Sea slug chromosomes hoard algae genes for photosynthesis

February 6, 2015 2:17 PM

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Sea slug chromosomes hoard algae genes for photosynthesis

If you looked at a sea slug, like the Elysia chloroctica very few people would even realize they’re looking at a sea slug. Instead, most people would think they’re looking at a leaf. Turns out there’s very good reason for that. The bright green sea slug looks like a leaf and even lives like one, too. The sea slug even uses photosynthesis to generate energy, and it does so by stealing chloroplasts from algae that are around the sea slug. However, scientists have had a good idea of this theft going on since the 1970s. So, that isn’t necessarily news per say. Something though that scientists didn’t know before was the fact that the sea slug is stealing much more than just chloroplasts.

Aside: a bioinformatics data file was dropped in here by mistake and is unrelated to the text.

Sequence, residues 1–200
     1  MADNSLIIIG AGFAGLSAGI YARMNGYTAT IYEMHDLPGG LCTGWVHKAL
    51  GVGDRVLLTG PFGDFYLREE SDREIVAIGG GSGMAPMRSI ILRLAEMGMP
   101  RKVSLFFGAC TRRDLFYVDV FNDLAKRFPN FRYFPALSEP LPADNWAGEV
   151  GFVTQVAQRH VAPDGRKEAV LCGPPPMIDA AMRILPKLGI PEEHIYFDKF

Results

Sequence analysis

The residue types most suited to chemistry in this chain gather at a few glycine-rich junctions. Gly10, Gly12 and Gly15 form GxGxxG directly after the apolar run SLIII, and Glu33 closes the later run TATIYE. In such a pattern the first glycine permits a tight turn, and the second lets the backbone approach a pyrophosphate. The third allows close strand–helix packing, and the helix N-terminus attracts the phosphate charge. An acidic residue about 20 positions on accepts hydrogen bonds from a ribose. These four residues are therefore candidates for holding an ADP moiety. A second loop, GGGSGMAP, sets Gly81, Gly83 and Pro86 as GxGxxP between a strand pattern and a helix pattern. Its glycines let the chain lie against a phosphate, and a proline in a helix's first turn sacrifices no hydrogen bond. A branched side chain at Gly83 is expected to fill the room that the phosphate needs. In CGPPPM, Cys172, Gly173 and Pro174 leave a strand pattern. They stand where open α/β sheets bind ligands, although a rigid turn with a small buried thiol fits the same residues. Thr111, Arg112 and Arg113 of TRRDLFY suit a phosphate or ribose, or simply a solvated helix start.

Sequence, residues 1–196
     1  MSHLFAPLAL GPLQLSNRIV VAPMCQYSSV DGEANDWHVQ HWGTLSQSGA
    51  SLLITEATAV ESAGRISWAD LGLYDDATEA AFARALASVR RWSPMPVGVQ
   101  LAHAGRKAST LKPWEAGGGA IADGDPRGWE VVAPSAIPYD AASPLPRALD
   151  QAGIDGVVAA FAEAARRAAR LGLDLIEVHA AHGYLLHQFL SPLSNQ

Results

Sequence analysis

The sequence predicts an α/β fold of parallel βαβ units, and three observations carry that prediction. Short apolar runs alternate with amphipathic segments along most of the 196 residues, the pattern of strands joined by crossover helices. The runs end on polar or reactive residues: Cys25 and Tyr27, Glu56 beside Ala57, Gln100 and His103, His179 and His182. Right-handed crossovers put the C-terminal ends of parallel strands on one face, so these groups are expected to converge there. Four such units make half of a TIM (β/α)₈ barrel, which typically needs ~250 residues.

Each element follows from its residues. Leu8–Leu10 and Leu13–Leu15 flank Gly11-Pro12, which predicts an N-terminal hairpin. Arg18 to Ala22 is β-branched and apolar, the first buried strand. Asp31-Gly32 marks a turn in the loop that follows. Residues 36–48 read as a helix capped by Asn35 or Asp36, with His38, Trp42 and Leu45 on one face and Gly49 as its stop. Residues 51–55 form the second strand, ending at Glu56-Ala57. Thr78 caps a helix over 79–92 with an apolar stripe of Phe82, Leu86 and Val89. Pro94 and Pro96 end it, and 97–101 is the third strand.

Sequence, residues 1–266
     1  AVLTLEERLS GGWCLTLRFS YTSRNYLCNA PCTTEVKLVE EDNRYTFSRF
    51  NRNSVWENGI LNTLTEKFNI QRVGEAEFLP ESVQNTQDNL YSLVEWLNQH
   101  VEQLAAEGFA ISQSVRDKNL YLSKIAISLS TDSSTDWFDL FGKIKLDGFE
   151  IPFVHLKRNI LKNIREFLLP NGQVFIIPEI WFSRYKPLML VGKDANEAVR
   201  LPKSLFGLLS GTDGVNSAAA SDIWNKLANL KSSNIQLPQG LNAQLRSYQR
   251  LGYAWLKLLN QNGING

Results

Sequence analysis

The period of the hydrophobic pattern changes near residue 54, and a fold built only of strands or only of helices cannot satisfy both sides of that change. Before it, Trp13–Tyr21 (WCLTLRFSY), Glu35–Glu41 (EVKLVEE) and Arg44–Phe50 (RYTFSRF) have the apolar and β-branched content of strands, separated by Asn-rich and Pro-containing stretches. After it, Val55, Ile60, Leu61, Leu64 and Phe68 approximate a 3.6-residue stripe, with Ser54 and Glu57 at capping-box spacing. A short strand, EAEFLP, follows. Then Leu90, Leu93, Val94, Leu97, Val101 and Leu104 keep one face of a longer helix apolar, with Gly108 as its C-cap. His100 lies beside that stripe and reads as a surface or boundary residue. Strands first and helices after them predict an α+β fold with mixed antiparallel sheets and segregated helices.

They’re stealing entire genes to ensure that these processes can continue inside the body of the slug. Researchers found that when the slugs consume algae there are cells inside of their stomach that allow them to hang onto more chloroplasts, effectively boosting their overall numbers inside their b...

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